Search Results

You are looking at 1 - 10 of 20 items for

  • Author or Editor: Ignacio Carbajosa x
  • Search level: All x
Clear All
This book investigates the character of the Peshitta in Psalms 90-150 in order to facilitate the proper use of this version in textual criticism. It identifies the Peshitta’s translation techniques and it discusses the version’s interpretation of difficult passages in the Hebrew text. The question of the Hebrew Vorlage behind the Peshitta Psalter is raised. Also investigated here is the relationship between the Peshitta Psalms and the LXX and Targum, and an assessment of the supposed influence of these versions on the Peshitta Psalter is offered. Inquiry is made into the theology of the translation, the identity of the translators, and the relationships among the manuscripts of the Peshitta Psalter. This text is designed as a tool for scholars who, when confronted by critical questions in the Psalter, seek to understand the readings preserved in the Peshitta.


The role that the prophets play in the divine design is marked by the decay of the historical order under God that Israel was experiencing as the protagonist of the leap in being and, therefore, as the chosen people. That order, now threatened, was destined to be the order of all nations. The unfaithfulness of Israel to the covenant leads it toward disaster and disappearance. But then, how will the new order reach the rest of the peoples? It is then that what Voegelin calls the “Exodus of Israel from itself” begins, an apt expression that captures the movement that goes from Israel, the chosen people, to the prophet and from the prophet to the servant of Yahweh who, as the last representative of Israel, will take salvation to all nations. Isaiah and Jeremiah are the two great prophets in whom the first step of this transition takes place. In the very experience of these prophets, the order and the faithfulness of Israel to the covenant are preserved. At the same time, new symbolizations flow from their lips which are destined to define the outlines of the future historical form of the present under God. The transition from the prophet Jeremiah to Deutero-Isaiah, the first incarnation of the suffering servant of Yahweh, marks the final stage of this exodus. The servant is the representative of Israel to take salvation to the nations, although his work will remain incomplete in his lifetime. Second Isaiah introduces a new typos into the history of order, a typos that other successors of the prophet will incarnate until the work is carried to its fulfillment. The task of the servant inaugurates the third stage of world history: the creation of salvation. In it, Yahweh will show himself as the God of all nations.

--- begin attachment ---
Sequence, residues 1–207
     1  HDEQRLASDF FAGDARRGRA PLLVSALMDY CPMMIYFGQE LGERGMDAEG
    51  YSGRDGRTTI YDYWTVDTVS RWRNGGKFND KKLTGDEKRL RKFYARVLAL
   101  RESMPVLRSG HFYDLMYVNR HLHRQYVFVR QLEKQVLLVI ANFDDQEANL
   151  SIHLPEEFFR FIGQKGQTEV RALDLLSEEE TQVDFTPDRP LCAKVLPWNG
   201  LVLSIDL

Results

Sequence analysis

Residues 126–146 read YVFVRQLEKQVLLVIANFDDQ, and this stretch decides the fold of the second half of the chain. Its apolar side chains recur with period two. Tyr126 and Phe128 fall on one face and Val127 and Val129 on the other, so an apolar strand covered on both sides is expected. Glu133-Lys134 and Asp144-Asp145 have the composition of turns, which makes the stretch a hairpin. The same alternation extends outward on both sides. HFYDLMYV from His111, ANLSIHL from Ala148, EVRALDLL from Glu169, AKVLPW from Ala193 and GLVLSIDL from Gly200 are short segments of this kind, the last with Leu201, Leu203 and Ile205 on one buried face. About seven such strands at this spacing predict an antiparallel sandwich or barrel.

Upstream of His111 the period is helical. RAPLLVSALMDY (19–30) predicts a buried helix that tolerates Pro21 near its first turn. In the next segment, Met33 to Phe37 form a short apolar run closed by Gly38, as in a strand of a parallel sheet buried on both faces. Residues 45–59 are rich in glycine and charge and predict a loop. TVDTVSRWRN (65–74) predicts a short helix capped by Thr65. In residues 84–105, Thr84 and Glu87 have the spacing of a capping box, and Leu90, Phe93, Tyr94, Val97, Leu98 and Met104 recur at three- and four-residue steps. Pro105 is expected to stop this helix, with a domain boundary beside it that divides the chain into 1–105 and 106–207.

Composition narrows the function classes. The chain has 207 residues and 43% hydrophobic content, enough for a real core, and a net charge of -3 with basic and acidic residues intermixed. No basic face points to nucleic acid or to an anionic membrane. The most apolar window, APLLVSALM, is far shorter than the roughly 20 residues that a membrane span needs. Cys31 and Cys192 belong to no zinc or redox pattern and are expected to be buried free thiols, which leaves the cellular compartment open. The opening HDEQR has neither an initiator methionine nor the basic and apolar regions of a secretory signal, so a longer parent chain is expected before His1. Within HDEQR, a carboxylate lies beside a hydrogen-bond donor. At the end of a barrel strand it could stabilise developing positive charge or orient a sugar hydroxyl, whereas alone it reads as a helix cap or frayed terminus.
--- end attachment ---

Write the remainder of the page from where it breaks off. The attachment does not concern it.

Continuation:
In: Israel and the Cosmological Empires of the Ancient Orient